4. Develop the principles, guidelines and assessment criteria for comprehensive policy integration on the centrality of the visual to VAW.

Piano delle attività:

The ADVOOCATE initial plan foresaw data collection through survey, qualitative interviews and focus groups through virtual exchange in Italy and Sweden.  However, the original plan had to be redesigned due to unexpected challenges posed by the coronavirus pandemic. Amid this scenario, the comparative dimension of the project in relation to (online) harassment and abuse of women journalists, as well as policies adopted at the level of leading news media organisations to respond to online and offline harassment of women journalists inside newsrooms and in the digital media environment, was extended. Therefore, the principal investigator (PI) collected and analysed data from the 18 participating countries of the 2021 edition of the Media for Democracy (MDM) monitor international project, promoted by the Euromedia research group; in addition to including Brazil as a case study. These changes were possible because the PI is a member of the Italian team of the MDM, and received support from professional journalism bodies in Brazil, such as the National Federation of Journalists (FENAJ) and the Brazilian Association of Investigative Journalism (ABRAJI), to circulate the online survey in the country across their networks. This action made possible the identification of key (women) journalists and photojournalists, and representatives of professional journalism associations, who then generously offered their time to be interviewed for the research project.



Gender-based hate speech and cyberstalking have become a mainstay in women journalists’ work lives in Italy, Sweden, MDM participating countries and Brazil. The phenomenon is changing as the attacks are moving offline with potential deadly consequences, which is in line with findings from international studies. Italian and Brazilian journalists perceive their emotional response to image-based abuse and gender-based hate speech differently, being the former causing higher levels of psychological distress to italian journalists. There is still reluctance from the side of women journalists to denounce the attacks they experience, as well as a lack of awareness or even acknowledgement of the severity of online violence gender/power in/equalities inside newsrooms and in the digital media environment in the countries under study. Also, there is still unsubstantiated support and protection mechanisms adopted at the level of news outlets. Even when there is legal support from the side of the news media, journalists are still expected to report and document the abuses, and take the applicable measures (whatever they might be) on their own. The unwillingness to discuss violence against women journalists emerges as a serious methodological challenge to advance knowledge on women journalists’ personal experiences of the dynamics of online-offline violence, especially in Italy.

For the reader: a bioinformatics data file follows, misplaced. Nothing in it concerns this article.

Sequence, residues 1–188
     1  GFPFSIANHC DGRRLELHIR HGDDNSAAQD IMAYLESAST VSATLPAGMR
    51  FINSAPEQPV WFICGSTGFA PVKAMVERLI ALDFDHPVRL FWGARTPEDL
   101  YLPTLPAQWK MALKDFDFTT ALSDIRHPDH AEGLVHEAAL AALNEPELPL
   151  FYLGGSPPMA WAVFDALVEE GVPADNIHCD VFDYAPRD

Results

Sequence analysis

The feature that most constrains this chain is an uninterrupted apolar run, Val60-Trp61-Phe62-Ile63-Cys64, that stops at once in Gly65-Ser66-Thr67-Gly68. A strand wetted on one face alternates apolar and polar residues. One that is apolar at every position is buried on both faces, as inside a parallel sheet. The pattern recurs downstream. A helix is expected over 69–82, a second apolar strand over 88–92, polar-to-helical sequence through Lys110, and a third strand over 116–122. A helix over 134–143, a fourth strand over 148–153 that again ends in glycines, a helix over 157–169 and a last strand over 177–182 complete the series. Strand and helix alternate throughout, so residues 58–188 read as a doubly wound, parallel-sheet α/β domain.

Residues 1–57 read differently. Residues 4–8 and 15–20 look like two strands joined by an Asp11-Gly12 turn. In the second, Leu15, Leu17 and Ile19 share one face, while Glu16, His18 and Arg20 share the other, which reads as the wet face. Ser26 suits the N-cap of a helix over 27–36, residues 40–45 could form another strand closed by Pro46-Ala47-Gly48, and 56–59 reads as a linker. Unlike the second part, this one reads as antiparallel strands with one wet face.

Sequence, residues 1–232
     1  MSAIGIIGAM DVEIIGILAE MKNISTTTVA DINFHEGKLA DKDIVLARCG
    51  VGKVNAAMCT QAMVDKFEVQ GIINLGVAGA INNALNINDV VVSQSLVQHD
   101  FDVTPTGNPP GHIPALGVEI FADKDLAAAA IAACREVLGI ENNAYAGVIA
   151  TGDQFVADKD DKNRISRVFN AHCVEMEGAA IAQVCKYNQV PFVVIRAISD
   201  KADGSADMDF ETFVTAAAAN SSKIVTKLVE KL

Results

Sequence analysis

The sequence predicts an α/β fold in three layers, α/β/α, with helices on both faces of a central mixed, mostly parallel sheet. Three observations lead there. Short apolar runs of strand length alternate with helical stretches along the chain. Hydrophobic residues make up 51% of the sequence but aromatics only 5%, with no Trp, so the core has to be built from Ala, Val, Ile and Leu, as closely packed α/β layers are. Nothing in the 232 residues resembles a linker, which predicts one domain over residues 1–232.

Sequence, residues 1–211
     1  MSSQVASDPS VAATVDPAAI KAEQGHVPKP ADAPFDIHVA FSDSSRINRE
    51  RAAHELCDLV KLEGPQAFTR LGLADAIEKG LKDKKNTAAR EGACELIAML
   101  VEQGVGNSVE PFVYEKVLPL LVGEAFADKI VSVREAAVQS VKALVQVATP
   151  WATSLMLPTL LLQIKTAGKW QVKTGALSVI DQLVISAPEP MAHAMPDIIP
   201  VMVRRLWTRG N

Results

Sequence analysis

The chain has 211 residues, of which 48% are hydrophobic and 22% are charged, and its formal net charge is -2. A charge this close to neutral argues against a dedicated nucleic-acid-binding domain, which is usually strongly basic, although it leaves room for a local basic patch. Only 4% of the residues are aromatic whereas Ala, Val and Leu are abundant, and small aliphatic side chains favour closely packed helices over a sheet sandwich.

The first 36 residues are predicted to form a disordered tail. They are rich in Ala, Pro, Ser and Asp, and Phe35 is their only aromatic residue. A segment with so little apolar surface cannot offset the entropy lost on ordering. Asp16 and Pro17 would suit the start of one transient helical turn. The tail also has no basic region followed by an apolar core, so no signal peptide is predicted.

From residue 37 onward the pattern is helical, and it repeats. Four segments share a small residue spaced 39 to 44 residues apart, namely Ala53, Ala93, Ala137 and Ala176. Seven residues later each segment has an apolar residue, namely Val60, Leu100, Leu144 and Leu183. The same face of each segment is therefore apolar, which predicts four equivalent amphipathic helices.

Recommendations: Online and offline gender-based violence should be addressed at a structural level, with the support of the news industries and professional journalism bodies, instead of leaving the burden for individual women (photo)journalists alone to deal with, address and overcome intimidation and threats for their own sake. Develop networks of collaboration to strenghten partnerships amongst the sectors of information and technology, journalism and media to promote and improve knowledge and competences on data management and security, and safety for women (photo)journalists in online environments.